Hassan says, “To extricate someone from a cult such as Trump’s, you should also ask the person to think about people who have lied to them or people who took advantage of them.” But to do that, Hassan first says, “You want to focus on another group initially, and not the group in which the person you are trying to help is a member.”
So, because we’re discussing Trumpism and not the National Rifle Association, we might begin with something like this this—even if the Trumpist is an NRA member:
Recently, National Public Radio (NPR) gained access to a phone call held by several members of the National Rifle Association (NRA) following the Columbine High School mass shooting in 1999. The NRA had already scheduled their annual convention to be held in Denver (Columbine is a Denver suburb).
The NRA phone call reveals that the group’s primary concern was not about how to prevent future school shootings. Nor was it about how to help the families who lost loved ones, nor about any policies. Rather, the NRA leaders focused on how to deflect any criticisms of the organization. They then weighed the pros and cons of holding or canceling the convention. Their primary concern was that if they held the convention in Denver so soon after the Columbine massacre, most of the attendees—the members they represented—would be “hillbillies” and “idiots” who would cast the organization in a negative light. In other words, the NRA leaders saw their dues-paying members—the folks who paid the leaders generous salaries—as “hillbillies” and “idiots,” pawns to profit from.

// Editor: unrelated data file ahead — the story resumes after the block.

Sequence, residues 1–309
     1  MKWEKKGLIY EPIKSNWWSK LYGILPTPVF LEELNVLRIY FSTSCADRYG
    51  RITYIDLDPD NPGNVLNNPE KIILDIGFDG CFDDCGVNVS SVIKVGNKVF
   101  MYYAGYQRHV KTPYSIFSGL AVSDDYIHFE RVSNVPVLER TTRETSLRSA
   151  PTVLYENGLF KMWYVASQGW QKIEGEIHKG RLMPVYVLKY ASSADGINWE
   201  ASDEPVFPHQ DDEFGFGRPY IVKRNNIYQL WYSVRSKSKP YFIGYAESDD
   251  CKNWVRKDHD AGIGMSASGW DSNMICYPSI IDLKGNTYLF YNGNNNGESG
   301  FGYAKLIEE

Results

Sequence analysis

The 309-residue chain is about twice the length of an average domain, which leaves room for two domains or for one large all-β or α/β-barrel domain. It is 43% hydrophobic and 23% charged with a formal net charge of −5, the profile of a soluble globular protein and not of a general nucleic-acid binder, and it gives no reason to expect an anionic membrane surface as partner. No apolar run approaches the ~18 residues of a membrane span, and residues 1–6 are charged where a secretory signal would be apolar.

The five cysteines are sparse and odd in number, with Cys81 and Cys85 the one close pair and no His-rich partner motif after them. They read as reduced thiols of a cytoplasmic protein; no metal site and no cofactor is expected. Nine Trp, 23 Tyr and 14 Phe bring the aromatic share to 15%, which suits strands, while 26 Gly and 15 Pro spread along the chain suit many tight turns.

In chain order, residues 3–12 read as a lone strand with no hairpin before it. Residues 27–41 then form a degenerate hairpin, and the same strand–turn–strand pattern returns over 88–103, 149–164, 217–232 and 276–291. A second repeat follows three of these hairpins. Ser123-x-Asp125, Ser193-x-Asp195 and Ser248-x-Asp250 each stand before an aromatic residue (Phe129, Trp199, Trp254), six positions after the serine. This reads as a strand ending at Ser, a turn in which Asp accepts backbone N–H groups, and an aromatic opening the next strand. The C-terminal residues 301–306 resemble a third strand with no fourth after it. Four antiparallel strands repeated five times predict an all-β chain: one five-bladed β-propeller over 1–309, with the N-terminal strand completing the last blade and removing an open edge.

If you were—or are—an NRA member who learned that the leaders of your organization thought of you as a hillbilly idiot, how would/do you feel?
Then, sometime later, perhaps we might note that Donald Trump referred to his followers as “disgusting,” and that he said the Christian pastors who pray for him are “full of shit.”
Tucker Carlson: No Honor Among Bandits
Ultimately, the goal is to get stupid people—and remember, stupid does not necessarily mean intellectually deficient—to recognize the bandits who are taking advantage of them for who they really are. Trump is one clear example of a bandit; Tucker Carlson is another.
Those who inhabit the upper quadrants of Cipolla’s diagram (the intelligent and the kind/helpless) can plainly see that Tucker Carlson inhabits—with Trump—the bottom right quadrant of “bandits,” those who think and behave in ways that benefit themselves, but do so at the expense of society.
I point to Carlson now because there is no honor among thieves and bandits. Carlson hitched his wagon to Trump not out of any personal regard for the goofy reality show host. No, Carlson saw in Trump a means to elevate himself. And now that Trump is out of office, Carlson sees—I firmly believe—an opportunity to vault past Trump and establish his dominance over the Trumpist movement.
Carlson is watching for any weakenings in Trump’s base of support. When they appear, he will find ways to drive in subtle wedges, to draw supporters over to him. He craves the cult-like devotion Trump’s supporters have lavished on their messiah. Tucker Carlson could supplant Trump as the new cult messiah—and as the Republican presidential nominee. So those who inhabit the upper quadrants of Cipolla’s diagram need to be ready to shift our deprogramming efforts from Trumpists to Carlsonites.
But, regardless of the cult leader, the goal and methods are the same: to deprogram the cultists through, as Steven Hassan says, “engag[ing] them in an intelligent conversation about the psychology of influence.”
Can Americans of goodwill and dignity learn how to deprogram members of the Trump cult? Yes, we can. And we must carry those efforts over to the Carlsonite cult, should it emerge. We mustn’t be stupid; nothing less than the future of humanity is at stake.